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Professional learning for casual relief teachers (CRTs)

Casual relief teachers (CRTs) are teachers who work in a casual, relief or emergency basis.

The CRT workforce plays an important role within the teaching profession by covering staff illness, personal leave, professional development and extracurricular programs for full-time and part-time teachers and early childhood teachers.

The VIT recognises the value in supporting CRTs throughout their career to provide continuity and stability of learning for Victorian children and young people.

Registration requirements for fully registered CRTs

If you are a fully registered teacher, you will need to undertake at least 20 hours of professional learning activities referenced to the Australian Professional Standards for Teachers (APST) each year to maintain your registration.


The VIT does not have a definitive list of required professional learning activities for renewal of registration. You are encouraged to consider the needs of your learners, your individual professional learning needs in relation to your teaching context and the priorities of your learning environment or education sector.

Select appropriate professional learning activities to keep your knowledge and practice updated and discover what can be considered professional learning for the purposes of renewal of registration.

High Impact Teaching Strategies

Approximately 71% of casual relief and emergency teachers work predominantly in government schools or services. As a CRT in government workplaces or schools, it can be useful to be aware of the strategies used by other teachers in that workplace.

The Department of Education (DE) has developed 10 High Impact Teaching Strategies (HITS) to support teacher practice. To see how you can use the HITS in your context as a CRT, VIT has developed some example strategy reflections.

Professional viewing: setting goals

Effective teachers set and communicate clear lesson goals to help learners understand the success criteria, commit to the learning, and provide the appropriate mix of success and challenge.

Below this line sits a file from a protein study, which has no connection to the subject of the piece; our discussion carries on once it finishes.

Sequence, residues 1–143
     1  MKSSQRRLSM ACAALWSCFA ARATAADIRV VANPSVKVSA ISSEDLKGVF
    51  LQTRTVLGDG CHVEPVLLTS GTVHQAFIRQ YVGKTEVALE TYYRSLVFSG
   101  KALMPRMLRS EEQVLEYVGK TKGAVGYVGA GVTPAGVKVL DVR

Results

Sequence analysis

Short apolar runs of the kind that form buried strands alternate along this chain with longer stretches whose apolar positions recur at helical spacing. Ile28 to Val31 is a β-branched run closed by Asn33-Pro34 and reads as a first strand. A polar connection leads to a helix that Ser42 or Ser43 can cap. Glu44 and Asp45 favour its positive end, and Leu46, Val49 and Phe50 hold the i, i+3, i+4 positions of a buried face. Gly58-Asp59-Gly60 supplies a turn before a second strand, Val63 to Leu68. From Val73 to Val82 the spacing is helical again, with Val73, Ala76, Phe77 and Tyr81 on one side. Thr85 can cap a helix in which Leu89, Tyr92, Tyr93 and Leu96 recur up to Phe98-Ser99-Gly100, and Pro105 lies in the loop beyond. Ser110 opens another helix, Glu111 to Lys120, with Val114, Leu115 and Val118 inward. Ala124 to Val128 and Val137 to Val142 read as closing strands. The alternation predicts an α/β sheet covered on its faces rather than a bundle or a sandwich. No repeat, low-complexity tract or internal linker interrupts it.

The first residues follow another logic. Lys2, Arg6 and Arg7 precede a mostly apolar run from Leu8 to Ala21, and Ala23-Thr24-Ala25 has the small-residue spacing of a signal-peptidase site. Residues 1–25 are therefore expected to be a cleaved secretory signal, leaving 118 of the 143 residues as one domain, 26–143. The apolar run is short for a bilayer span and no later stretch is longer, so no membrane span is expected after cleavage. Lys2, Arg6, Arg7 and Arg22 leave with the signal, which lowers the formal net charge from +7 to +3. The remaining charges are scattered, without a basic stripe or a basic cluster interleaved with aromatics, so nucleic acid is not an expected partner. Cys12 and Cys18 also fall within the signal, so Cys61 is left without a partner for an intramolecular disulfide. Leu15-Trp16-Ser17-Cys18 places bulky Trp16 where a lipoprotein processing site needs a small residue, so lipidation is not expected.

As a CRT, the usual classroom teacher may have already made these goals explicit for you, or you may need to determine what these goals are and clearly communicate them to your learners.

Feedback can be provided to learners formally or informally and can be oral, written, formative or summative. Take the time to think about the strategies you can use as a CRT to give effective feedback to your learners, and to the usual teacher to support the learning of those you teach.

The time you spend watching the above videos and reflecting on this topic can count towards your professional learning hours for renewal of registration. This content is particularly relevant when addressing the Professional Practice domain (Standards 3-5) of the APST.

Writing a reflection is especially important when recording your professional learning. A reflection can be a summary of how the activity added to your professional knowledge and informed your practice.

Make sure you reference the book or article you are reading from, including the web source if relevant. You should also keep an estimate of the time taken for the activity.

Useful Resource

Questions to guide your reflection

  • what have you learnt from this PD activity and how does it link to the relevant APST you have selected?
  • how will you apply your learning from this PD activity to your practice to improve learning outcomes?
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